What are the odds for a woman on hypertension medication to have a normal pregnancy?Question:
As you probably know or have guessed, pregnancy can induce hypertension or aggravate existing hypertension. However, the majority of women with underlying chronic hypertension demonstrate improved blood-pressure control and have largely uneventful pregnancies.
In most women with chronic hypertensive vascular disease, increased blood pressure is the only finding. However, a few women have complications that are dangerous for the baby and the mother. These would include hypertensive heart disease, ischemic heart disease (where not enough blood reaches the heart muscle) or kidney insufficiency and retinal (eye) hemorrhages.
Make sure the medication you're taking is safe for use in pregnancy. For example, ACE inhibitors must not be taken during pregnancy. Ask a pharmacist; they are under-used experts on drugs.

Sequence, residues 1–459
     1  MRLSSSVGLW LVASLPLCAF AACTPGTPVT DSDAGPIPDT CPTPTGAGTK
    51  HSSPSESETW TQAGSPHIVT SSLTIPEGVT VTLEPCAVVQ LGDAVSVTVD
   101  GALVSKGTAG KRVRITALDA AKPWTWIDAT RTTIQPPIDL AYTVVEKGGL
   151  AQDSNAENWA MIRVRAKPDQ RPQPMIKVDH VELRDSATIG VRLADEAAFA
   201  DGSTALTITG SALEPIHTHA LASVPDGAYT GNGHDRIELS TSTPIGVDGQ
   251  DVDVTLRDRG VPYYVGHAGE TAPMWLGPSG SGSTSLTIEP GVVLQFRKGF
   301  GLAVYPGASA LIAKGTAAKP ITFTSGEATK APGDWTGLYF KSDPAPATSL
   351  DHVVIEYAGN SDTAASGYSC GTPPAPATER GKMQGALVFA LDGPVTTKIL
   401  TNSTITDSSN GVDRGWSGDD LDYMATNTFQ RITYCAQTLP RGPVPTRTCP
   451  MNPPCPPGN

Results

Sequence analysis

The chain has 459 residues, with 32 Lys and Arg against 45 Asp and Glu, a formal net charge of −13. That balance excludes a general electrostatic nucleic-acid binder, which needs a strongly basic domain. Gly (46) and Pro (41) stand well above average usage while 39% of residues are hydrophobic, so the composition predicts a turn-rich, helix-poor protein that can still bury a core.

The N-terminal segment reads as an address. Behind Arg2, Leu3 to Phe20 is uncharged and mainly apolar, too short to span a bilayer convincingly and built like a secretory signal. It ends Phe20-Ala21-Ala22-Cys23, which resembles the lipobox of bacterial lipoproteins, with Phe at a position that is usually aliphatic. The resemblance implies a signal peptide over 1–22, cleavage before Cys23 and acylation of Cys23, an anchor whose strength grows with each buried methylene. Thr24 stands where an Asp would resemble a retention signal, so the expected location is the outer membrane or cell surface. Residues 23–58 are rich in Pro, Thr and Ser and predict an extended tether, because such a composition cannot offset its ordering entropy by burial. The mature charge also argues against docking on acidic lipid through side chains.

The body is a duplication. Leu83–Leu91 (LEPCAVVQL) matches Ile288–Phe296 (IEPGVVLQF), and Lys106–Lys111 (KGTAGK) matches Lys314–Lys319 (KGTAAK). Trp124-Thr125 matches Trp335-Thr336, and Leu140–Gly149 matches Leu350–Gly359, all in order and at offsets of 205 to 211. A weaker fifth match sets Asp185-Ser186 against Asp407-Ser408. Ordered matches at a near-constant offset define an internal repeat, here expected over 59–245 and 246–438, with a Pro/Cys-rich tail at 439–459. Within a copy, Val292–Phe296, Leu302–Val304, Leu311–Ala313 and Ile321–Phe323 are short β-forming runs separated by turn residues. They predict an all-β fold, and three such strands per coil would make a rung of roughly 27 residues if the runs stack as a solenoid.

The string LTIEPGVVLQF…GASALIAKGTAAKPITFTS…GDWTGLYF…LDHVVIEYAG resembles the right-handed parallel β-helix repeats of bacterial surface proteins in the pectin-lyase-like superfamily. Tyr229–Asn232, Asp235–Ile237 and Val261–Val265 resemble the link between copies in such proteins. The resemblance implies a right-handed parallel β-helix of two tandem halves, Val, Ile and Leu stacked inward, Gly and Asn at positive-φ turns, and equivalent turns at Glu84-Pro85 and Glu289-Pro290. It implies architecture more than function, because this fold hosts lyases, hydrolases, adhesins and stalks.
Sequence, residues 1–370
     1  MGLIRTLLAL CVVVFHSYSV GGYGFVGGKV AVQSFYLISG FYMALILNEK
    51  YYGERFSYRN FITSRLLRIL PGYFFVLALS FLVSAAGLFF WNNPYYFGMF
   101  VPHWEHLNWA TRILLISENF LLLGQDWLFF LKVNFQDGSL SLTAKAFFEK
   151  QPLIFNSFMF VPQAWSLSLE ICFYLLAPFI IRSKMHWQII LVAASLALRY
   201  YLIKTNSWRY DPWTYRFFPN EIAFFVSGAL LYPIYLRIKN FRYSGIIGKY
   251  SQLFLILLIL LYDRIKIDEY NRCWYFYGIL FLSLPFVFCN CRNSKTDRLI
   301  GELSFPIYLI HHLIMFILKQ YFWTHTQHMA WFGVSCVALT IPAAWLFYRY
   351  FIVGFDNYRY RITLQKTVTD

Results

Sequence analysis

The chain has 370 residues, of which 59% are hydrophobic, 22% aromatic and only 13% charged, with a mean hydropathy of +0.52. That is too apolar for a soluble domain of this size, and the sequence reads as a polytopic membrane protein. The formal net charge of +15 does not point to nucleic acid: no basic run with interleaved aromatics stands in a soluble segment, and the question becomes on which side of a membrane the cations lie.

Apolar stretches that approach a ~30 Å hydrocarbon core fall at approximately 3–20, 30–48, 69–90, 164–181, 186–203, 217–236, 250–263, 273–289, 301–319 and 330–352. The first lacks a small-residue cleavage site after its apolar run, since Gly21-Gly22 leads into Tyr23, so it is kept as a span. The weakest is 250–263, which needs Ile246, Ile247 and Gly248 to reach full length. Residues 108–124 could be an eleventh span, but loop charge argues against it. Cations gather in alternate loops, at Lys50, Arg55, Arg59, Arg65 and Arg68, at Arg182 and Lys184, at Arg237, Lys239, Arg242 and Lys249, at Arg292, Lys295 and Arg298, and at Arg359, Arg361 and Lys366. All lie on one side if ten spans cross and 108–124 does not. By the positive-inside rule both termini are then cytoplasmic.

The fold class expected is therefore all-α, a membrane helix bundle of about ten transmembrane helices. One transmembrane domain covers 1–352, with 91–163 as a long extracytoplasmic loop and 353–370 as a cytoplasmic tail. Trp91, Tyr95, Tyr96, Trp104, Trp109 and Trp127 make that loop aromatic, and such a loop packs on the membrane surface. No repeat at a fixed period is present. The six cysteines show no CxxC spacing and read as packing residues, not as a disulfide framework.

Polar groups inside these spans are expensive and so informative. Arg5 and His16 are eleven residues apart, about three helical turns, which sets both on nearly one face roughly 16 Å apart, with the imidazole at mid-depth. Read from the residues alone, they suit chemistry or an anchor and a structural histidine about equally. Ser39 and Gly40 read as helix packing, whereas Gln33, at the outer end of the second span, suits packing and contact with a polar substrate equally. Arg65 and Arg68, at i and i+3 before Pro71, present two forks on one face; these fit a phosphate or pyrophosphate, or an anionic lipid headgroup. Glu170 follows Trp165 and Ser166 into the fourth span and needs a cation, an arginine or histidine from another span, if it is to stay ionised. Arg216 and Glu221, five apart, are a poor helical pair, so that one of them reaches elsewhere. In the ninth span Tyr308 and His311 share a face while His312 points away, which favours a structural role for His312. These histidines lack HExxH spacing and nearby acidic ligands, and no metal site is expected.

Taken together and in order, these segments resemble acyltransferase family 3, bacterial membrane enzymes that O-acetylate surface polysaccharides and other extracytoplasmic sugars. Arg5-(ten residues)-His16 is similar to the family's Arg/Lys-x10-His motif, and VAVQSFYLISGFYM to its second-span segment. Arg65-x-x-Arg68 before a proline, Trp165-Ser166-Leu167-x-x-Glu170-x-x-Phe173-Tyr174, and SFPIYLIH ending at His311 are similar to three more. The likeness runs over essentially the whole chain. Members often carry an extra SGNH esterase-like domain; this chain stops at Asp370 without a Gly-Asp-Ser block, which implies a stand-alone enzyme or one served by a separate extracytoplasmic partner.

Older pregnant women and those who are obese, have diabetes or a hereditary predisposition are at increased risk for pregnancy complications stemming from their hypertension.
I wish I could give you specific odds, but so much depends on the above factors and the severity of your condition. Most texts do say that the "majority" of women with pre-existing hypertension do well during pregnancy. Keep fit, eat exceedingly well and get lots of rest. You should do fine.Answer: